Last month, former UQ Economics lecturer Dr Jon Stanford published a very interesting paper in the Queensland History Journal titled Queensland’s Own Money, 1893-1910: Model for the Australian Note Issue (paywalled unfortunately). Jon discusses the financial crisis of the early 1890s and associated bank failures that prompted the Queensland Treasury to issue a Government-backed Queensland currency (e.g. first image below) which could replace notes issued by private banks (e.g. second image below). When the Commonwealth Government issued a national currency in 1910, the Queensland currency was used as a model. As Jon notes (p. 837):
The similarity between the inauguration of the new Commonwealth currency and Queensland’s own money in 1893 was no co-incidence. [PM Andrew] Fisher was elected to the Queensland Parliament in 1893 as member for Gympie and to the first House of Representatives in 1901 as member for Wide Bay…
…In the second reading speech on the Bank Notes Tax Bill, Fisher stated that the purpose of the Bill was to ‘give the Government a monopoly of the Australian note issue’ and, in reply to a comment ‘to force the existing bank notes out of use’. He further stated ‘Practically, it is exactly the same proposition as was adopted by the Queensland Parliament, when the Treasury note issue was initiated in that State.’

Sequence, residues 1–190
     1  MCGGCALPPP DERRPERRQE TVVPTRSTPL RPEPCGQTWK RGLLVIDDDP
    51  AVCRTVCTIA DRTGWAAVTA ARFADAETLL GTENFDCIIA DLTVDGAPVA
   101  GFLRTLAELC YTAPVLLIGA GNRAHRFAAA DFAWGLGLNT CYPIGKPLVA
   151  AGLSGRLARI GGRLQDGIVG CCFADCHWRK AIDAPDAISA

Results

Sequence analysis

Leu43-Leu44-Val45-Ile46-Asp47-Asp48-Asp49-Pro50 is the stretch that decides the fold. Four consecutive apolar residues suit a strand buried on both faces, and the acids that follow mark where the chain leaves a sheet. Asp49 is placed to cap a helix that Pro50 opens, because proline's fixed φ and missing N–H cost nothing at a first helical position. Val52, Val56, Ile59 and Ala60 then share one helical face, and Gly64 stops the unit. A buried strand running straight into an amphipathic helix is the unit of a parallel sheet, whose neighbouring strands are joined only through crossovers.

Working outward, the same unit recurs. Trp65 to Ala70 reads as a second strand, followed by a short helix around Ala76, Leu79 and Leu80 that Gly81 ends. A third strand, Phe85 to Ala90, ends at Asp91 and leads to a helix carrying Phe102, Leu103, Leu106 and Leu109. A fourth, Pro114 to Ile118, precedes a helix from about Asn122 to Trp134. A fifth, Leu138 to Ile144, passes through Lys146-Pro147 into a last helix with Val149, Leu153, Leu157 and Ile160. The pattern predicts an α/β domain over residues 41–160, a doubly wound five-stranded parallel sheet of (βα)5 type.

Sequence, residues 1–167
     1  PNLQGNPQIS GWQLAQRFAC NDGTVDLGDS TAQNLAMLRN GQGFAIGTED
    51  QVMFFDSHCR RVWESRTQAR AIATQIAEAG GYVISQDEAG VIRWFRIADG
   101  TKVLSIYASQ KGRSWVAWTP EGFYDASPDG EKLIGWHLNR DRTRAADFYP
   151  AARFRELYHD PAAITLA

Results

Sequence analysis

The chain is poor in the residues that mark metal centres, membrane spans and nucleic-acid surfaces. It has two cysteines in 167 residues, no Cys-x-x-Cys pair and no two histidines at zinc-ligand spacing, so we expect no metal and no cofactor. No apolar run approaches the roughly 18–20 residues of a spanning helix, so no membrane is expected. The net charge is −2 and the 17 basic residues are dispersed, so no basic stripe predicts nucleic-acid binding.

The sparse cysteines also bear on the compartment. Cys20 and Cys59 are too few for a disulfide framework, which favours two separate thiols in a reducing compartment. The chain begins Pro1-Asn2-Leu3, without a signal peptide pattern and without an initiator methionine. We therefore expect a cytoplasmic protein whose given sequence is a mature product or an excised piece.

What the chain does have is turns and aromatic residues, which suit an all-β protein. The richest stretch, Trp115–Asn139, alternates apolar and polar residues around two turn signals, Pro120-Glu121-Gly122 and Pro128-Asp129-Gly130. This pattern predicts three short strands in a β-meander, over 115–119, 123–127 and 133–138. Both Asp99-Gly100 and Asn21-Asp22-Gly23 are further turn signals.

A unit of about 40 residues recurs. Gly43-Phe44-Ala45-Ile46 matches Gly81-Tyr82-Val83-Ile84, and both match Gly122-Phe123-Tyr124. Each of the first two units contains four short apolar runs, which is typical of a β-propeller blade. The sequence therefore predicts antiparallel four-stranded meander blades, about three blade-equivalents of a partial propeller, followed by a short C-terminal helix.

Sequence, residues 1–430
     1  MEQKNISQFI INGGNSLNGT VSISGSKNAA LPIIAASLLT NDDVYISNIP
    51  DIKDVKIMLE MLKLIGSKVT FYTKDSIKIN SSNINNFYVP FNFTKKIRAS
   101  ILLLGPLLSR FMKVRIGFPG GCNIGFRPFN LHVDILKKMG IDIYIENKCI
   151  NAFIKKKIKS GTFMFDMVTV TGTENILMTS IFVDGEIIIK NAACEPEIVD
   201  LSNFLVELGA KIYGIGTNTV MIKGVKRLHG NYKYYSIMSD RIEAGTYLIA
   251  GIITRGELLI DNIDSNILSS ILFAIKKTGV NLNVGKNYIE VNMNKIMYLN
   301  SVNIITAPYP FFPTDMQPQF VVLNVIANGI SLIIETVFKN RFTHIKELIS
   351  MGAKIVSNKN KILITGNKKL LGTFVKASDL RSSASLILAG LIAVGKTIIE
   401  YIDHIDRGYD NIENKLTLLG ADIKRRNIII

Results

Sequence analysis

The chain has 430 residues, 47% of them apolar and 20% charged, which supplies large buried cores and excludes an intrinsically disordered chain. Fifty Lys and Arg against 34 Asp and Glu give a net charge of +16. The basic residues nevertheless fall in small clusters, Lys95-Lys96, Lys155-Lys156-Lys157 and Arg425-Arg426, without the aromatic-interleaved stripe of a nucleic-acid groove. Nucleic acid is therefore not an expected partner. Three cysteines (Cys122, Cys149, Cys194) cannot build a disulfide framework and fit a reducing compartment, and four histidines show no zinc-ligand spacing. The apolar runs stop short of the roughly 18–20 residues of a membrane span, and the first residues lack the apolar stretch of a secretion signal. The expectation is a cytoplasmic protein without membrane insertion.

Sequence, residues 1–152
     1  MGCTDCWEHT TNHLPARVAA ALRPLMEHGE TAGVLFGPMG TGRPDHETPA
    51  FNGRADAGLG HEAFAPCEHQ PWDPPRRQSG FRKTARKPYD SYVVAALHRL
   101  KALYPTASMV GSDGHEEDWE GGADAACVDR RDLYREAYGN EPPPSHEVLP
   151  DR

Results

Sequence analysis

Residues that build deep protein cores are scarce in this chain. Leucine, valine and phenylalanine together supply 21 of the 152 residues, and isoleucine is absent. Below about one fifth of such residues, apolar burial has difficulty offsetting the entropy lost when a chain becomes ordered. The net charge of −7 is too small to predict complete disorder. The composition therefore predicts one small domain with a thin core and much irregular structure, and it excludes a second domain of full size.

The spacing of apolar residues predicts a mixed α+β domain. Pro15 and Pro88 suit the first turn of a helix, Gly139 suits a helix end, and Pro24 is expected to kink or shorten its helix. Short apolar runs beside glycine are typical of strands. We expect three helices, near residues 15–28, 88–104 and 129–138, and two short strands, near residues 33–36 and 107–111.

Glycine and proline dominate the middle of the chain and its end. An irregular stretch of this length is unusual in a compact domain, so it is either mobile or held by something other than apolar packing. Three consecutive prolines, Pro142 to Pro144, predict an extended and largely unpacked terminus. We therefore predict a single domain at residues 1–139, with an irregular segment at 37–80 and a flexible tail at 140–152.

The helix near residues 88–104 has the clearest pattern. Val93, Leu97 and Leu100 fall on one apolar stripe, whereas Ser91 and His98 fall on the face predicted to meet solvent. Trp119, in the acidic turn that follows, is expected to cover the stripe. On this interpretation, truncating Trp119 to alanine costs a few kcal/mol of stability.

Well done to Jon for such an interesting article highlighting an important contribution by Queensland to the development of our national economy.
A Five Pound note issued by the Queensland Treasury. (From the RBA website).
A blown up copy of a Queensland National Bank One Pound note, which hangs on the wall of the business centre at Tattersall’s Club, Queen St Mall, Brisbane.
A most interesting story, Gene and Jon.
I wonder if we are now seeing the turn of the full circle, with private (or in fact, very democratic and public) currencies issued outside of the control of the state and the power this gives the central banks.
Are the likes of Bitcoin, and the Blockchain technology on which it is based, now taking the power that PM Fisher wanted away from the central bankers and the state?
The power of the Blockchain means the global community had a dynamic say in the credibility of the currency and the counterparty risk that central banks were once supposed to protect.
Thanks for the comment, Mike. Good question about Bitcoin. I’m skeptical about just how widespread its use will become and whether it can replace existing currencies on a large scale, particularly given the volatility in its value. That said, the blockchain technology behind Bitcoin appears useful. I’ll post on this in the future.